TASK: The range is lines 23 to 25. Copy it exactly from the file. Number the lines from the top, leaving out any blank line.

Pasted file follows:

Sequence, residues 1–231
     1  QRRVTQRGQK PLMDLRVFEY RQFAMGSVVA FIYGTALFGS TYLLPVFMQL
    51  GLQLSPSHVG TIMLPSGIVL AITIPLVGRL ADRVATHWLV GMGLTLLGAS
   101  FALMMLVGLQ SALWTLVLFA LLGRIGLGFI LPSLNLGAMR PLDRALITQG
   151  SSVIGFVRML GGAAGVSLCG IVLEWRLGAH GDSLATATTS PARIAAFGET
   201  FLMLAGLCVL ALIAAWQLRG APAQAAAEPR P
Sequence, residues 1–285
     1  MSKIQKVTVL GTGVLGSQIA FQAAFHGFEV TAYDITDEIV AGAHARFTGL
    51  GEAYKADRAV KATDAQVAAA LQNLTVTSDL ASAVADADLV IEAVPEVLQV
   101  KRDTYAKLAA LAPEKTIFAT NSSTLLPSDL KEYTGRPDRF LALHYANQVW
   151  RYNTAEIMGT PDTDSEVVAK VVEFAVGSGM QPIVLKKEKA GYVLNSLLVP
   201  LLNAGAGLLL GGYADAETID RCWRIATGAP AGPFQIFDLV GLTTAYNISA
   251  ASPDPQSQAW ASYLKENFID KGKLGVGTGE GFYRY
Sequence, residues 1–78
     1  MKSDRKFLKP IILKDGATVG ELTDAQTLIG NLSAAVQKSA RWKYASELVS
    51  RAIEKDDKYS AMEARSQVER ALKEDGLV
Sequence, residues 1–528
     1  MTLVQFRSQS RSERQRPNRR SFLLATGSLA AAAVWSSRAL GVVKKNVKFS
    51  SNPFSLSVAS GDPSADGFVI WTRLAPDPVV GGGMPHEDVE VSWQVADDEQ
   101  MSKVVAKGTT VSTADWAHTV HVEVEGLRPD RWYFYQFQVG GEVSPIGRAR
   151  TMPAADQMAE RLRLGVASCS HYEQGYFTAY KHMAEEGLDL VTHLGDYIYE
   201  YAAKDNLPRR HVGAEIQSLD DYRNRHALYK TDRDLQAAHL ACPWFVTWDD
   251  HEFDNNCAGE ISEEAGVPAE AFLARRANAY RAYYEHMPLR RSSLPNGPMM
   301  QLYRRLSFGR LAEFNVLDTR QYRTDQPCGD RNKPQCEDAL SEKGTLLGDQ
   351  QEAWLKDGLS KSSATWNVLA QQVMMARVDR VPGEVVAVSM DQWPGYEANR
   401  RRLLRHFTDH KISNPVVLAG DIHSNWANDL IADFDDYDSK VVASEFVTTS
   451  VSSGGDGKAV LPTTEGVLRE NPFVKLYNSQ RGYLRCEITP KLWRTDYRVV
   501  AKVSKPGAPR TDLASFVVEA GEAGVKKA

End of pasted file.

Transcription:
   251  HEFDNNCAGE ISEEAGVPAE AFLARRANAY RAYYEHMPLR RSSLPNGPMM
   301  QLYRRLSFGR LAEFNVLDTR QYRTDQPCGD RNKPQCEDAL SEKGTLLGDQ
   351  QEAWLKDGLS KSSATWNVLA QQVMMARVDR VPGEVVAVSM DQWPGYEANR